Response Team Cleaning Up Hazardous Gasoline Spill


Six thousand gallons of spilled gasoline creates an explosive situation for Mark Fisk and his hazardous materials emergency response team. Fisk is the project manager for MP Environmental Services, the Phoenix-based company hired to clean up the toxic fuel spill on the Beeline Highway south of Payson.

On the morning of Sunday, Jan. 19, a tanker truck carrying 8,000 gallons of fuel rolled on Highway 87 near the intersection of Highway 188. The rollover accident created a 325-foot-long trail of gasoline and closed the highway in both directions for nine hours.

"The reason it took so long to get the road open that night was because the flammable vapors had to be suppressed," Fisk said. "Otherwise, if someone were to toss out a cigarette or some other ignition source, we could have a fire or explosion."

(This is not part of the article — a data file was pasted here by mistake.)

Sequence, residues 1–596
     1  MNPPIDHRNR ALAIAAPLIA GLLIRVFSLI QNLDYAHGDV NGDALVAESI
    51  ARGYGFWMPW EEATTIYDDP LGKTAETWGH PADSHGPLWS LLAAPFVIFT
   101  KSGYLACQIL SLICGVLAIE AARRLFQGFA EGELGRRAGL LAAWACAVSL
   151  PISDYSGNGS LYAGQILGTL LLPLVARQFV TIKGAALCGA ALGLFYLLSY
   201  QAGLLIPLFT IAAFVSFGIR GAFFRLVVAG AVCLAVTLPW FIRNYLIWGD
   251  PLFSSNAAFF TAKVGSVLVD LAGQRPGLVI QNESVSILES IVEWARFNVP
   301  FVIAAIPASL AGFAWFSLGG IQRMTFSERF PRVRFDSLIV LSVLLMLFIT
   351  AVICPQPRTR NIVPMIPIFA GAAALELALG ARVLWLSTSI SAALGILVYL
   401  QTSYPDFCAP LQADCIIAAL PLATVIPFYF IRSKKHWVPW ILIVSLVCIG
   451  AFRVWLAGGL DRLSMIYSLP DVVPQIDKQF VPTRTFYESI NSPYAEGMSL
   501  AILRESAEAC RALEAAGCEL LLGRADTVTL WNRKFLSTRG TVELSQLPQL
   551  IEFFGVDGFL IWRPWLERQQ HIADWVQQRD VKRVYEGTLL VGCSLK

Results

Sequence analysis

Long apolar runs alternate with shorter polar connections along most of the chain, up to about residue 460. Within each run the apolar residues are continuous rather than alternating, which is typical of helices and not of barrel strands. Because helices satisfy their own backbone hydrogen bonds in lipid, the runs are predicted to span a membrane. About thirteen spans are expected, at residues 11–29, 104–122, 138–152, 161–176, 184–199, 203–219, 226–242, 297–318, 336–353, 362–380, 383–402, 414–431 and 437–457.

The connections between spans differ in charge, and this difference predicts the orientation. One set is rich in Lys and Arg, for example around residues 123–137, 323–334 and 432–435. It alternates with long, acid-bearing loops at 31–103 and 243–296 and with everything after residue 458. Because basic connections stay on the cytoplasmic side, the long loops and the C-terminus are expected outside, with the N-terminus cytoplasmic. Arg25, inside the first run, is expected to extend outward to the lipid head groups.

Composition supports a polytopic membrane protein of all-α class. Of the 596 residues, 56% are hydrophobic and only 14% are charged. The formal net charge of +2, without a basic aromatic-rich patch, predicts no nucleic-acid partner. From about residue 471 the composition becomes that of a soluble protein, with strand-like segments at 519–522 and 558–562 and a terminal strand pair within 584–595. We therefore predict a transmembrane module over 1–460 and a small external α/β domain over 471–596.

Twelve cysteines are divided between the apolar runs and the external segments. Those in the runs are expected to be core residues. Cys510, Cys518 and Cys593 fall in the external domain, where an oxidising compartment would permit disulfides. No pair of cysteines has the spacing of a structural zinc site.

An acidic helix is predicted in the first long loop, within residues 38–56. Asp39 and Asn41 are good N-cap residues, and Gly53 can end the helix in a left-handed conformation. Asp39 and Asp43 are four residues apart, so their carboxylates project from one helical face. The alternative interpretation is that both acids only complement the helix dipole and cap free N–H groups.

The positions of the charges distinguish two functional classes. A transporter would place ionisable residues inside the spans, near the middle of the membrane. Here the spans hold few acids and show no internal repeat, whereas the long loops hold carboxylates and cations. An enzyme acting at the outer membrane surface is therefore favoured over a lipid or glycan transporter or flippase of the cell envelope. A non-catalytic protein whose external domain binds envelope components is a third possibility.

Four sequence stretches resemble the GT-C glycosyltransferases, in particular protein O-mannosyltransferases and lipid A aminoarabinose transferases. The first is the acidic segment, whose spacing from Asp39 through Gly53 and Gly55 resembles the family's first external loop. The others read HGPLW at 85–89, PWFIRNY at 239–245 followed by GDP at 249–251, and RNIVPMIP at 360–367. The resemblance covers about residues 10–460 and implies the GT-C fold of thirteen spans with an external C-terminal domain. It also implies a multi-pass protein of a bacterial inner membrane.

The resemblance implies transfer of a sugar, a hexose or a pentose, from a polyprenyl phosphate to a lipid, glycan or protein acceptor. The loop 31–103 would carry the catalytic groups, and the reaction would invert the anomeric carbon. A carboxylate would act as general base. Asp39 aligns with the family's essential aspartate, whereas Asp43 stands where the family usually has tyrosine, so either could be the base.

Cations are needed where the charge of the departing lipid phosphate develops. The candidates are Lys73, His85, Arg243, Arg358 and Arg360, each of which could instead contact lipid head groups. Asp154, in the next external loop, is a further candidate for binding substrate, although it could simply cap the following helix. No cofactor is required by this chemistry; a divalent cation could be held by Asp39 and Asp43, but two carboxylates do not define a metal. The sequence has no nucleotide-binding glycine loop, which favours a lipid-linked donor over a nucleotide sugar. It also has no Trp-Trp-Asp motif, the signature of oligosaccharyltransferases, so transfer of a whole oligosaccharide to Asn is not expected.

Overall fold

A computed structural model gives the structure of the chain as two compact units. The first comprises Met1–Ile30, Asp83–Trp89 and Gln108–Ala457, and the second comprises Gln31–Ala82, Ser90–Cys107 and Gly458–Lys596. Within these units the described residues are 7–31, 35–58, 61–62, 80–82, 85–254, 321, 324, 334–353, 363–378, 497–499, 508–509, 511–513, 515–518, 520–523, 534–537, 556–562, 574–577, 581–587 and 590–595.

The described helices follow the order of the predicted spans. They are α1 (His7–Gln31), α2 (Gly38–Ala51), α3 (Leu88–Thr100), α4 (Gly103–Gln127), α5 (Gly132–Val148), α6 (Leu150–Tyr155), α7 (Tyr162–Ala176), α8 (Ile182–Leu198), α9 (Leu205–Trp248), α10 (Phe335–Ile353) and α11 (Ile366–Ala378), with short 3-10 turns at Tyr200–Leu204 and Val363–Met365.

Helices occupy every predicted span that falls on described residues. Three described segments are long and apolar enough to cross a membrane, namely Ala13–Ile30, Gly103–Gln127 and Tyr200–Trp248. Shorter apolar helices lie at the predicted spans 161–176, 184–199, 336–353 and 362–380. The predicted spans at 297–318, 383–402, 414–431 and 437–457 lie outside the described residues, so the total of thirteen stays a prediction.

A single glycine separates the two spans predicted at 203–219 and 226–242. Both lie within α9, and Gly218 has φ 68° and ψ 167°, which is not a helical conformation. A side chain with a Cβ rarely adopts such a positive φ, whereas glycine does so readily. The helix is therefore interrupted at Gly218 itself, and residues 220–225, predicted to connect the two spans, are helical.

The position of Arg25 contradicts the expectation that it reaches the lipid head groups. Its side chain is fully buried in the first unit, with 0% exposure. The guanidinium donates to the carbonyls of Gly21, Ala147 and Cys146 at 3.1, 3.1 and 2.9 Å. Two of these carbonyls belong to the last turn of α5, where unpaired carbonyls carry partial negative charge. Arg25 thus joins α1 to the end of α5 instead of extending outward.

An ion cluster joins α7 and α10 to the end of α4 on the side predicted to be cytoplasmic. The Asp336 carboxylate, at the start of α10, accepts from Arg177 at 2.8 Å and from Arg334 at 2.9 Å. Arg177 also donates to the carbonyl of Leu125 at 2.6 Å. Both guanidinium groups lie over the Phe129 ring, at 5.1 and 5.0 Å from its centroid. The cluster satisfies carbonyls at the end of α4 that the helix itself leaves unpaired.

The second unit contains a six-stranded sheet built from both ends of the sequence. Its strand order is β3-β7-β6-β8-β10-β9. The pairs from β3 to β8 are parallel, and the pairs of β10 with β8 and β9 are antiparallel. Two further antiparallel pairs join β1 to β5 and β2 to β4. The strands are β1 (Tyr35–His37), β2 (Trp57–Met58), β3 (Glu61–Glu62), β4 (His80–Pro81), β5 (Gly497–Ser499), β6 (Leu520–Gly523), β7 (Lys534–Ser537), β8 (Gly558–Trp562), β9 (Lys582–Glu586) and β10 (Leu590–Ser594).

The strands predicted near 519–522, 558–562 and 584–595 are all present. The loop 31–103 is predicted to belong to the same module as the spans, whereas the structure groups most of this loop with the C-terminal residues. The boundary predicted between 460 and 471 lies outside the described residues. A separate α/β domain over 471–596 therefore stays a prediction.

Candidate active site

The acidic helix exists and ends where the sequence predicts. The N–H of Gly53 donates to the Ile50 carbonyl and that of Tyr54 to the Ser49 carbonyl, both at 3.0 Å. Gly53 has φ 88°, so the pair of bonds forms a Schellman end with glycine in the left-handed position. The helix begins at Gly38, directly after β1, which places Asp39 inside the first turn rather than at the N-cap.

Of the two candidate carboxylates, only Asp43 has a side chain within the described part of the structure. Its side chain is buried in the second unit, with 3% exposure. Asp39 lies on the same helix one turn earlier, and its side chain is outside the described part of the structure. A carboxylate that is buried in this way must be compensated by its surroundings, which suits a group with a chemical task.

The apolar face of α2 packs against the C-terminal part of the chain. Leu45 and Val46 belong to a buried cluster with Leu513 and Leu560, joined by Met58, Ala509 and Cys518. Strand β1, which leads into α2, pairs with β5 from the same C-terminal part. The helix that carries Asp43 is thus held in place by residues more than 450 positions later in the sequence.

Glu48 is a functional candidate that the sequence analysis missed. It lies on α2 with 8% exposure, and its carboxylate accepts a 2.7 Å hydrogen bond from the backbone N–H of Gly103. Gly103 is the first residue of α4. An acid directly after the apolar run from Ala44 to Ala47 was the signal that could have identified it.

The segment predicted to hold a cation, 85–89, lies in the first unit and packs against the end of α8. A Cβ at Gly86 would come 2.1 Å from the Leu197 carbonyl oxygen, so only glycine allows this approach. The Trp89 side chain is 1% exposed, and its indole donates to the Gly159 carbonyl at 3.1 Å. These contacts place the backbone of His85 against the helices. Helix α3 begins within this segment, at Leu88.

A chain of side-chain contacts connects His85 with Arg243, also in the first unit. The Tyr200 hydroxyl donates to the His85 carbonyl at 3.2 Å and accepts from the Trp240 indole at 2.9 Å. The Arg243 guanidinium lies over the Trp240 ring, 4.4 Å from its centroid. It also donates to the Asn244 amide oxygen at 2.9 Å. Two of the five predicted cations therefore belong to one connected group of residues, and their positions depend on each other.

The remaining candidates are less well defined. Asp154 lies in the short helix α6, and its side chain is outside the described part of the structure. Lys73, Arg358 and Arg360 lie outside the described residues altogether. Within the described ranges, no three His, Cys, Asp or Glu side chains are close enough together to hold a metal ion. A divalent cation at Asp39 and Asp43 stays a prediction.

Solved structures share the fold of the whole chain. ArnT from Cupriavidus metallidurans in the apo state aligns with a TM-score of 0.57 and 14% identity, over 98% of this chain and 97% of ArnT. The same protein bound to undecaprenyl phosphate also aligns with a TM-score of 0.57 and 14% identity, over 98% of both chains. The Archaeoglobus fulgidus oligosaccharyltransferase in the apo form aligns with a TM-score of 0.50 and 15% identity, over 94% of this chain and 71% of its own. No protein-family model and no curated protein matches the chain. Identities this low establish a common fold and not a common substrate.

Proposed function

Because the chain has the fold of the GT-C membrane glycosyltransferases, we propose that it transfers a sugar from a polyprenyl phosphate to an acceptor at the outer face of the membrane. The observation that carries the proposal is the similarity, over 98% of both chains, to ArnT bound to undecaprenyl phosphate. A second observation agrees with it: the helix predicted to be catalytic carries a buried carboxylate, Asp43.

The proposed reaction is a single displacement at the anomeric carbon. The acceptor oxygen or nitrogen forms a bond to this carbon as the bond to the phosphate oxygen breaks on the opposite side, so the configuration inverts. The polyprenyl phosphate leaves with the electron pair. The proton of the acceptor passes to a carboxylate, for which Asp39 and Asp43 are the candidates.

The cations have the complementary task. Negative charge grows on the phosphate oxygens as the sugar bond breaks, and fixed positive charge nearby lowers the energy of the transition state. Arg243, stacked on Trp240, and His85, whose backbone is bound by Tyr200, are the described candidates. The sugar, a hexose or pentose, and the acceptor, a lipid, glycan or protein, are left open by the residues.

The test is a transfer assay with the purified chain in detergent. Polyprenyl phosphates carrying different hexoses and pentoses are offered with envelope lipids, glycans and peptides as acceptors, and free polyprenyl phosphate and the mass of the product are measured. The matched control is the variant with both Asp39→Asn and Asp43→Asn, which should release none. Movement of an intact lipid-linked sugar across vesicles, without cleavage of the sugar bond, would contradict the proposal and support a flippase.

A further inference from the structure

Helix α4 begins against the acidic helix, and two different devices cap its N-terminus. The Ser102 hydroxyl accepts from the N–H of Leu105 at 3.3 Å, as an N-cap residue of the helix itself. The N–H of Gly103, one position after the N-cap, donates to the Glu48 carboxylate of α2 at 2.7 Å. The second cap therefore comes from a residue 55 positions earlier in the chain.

Clearing the road also caused delays.

"Gasoline actually melts the asphalt," Fisk said. "So we had to scrape the melted asphalt off and push it to the shoulders of the road with a backhoe to make it passable."

Cleanup work continues as Fisk's team digs up the petroleum contaminated soil and transports it to an approved hazardous-waste landfill in Apache Junction. According to Fisk, there are only half a dozen landfills in the state approved for such toxic waste disposal.

Utility lines running along the highway are further complicating the cleanup effort.

"We still have a utility ditch full of gas," Fisk said. "All the lines need to be rerouted before we can remove the petroleum contaminated soil.

"There's a 21,000 high voltage electric line, high pressure water lines and telephone lines underground on the east shoulder," he said. "We hope to get that work started Monday, Feb. 19, and that should take at least two weeks."

After the contaminated soil is removed, the holes will be filled with clean dirt, but that doesn't complete the job.

"Because (the spill) is on the Tonto National Forest, the company is required to re-vegetate the land back to its natural terrain," Fisk said.

As work continues, the highway will remain open, but Fisk reminds motorists to obey the posted speed limits and be aware of the gasoline vapor.

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